Cathedral High School
San Diego, CA
2006 MCAA International Excellence in Masonry Award Winner
Williams & Sons Masonry, Inc.
Architect: Contacts Without Company
Cathedral High School is a new Catholic high school built to replace the recent University Catholic High School located on property designated for the expansion of the University of San Diego (USD). Cathedral High School is located at 5555 Del Mar Heights Road, San Diego, CA 92130 and carries on the tradition and values of University High School. It is a coed high school serving the greater part of San Diego County with a capacity to grow to 2000 students. Currently 1600 students attend.
Responding to the moderate coastal climate and fairly consistent wind patterns, the new high school campus was planned around several major piazzas, reminiscent of Italian hill towns. The individual academic buildings have been arranged in a cluster to provide varied perspectives and vistas between buildings. Collectively, their composition is similar in character and scale to a small village that is focused on the parish church at the east end of campus. A very gradual rise in elevation towards the church distinguishes it as a dominant feature in the complex and projects a readily visible Catholic identity. The chapel's bell tower and Student Center clock tower constitute the primary focal points that serve to identify the campus and offer a sense of direction and place.
This project consisted of a total of eleven masonry buildings including a Fine Arts Theater, Library, Student Support, Administration, Gymnasium, Maintenance, and Four Classroom buildings, Football and Track Stadium, Baseball Dugouts, Swimming Pool, and most importantly the Chapel. The site includes many retaining walls, fence columns, fence walls, bridge walls and monument signs.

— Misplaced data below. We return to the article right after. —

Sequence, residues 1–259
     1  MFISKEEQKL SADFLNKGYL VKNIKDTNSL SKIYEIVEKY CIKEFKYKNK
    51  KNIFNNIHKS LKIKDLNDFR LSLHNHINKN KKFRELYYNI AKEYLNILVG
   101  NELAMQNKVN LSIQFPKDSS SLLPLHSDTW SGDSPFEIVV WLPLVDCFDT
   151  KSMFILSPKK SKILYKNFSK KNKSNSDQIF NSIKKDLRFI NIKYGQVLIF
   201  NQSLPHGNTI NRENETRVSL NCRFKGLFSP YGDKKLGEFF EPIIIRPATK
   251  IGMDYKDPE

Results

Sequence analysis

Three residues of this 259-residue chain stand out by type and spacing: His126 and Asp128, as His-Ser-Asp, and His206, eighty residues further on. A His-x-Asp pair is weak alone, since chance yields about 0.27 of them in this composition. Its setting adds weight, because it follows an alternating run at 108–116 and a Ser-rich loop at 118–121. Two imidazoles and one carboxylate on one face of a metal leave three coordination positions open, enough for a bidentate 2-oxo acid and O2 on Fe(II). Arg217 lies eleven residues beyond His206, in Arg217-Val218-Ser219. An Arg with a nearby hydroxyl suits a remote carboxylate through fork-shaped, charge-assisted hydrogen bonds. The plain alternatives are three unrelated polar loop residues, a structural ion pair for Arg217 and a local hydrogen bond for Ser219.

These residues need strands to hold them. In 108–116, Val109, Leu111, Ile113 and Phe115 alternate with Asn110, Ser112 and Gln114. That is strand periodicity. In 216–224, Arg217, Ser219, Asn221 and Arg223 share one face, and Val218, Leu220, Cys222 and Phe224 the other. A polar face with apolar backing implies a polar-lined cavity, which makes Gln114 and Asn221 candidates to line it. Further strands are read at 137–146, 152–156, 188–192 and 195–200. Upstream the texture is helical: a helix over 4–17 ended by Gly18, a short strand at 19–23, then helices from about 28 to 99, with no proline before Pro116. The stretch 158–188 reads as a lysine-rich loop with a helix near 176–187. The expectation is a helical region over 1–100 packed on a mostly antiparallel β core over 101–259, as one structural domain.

Consistent with the Italian village theme, the materials chosen to construct the buildings consist of a three-color blend of split face and precision block. The base walls start out with a 10-inch wide brown colored block 4 feet high around the perimeter of each building. The 10-inch block terminates with a beveled unit. The remaining walls then change to a three-colored blend split face block with white pumice. Pre cast concrete was used throughout the project for wall and pilaster caps as well as window sills. The Chapel Entry consists of ornamental surround trim. Building materials also included stone, cement plaster and clay roof tiles.
The architectural vocabulary and the building materials were carefully selected to accomplish:
- Appropriateness for the region and specifically this community
- Reflective of the purpose particular and educational and religious structures, yet distinguished from the surrounding homes
- Responsiveness to the budget constraints